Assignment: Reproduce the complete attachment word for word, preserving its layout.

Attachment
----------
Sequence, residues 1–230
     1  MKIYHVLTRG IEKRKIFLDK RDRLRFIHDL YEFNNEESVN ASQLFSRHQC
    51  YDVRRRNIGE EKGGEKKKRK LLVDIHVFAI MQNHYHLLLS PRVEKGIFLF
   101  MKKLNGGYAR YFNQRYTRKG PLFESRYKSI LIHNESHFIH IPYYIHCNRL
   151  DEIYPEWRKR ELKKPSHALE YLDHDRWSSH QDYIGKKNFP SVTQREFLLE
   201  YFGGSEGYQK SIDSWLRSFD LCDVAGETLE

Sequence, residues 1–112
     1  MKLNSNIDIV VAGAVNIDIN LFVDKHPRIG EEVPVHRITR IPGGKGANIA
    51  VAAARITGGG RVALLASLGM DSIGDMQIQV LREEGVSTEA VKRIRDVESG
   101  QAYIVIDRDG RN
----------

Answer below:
Sequence, residues 1–230
     1  MKIYHVLTRG IEKRKIFLDK RDRLRFIHDL YEFNNEESVN ASQLFSRHQC
    51  YDVRRRNIGE EKGGEKKKRK LLVDIHVFAI MQNHYHLLLS PRVEKGIFLF
   101  MKKLNGGYAR YFNQRYTRKG PLFESRYKSI LIHNESHFIH IPYYIHCNRL
   151  DEIYPEWRKR ELKKPSHALE YLDHDRWSSH QDYIGKKNFP SVTQREFLLE
   201  YFGGSEGYQK SIDSWLRSFD LCDVAGETLE

Sequence, residues 1–112
     1  MKLNSNIDIV VAGAVNIDIN LFVDKHPRIG EEVPVHRITR IPGGKGANIA
    51  VAAARITGGG RVALLASLGM DSIGDMQIQV LREEGVSTEA VKRIRDVESG
   101  QAYIVIDRDG RN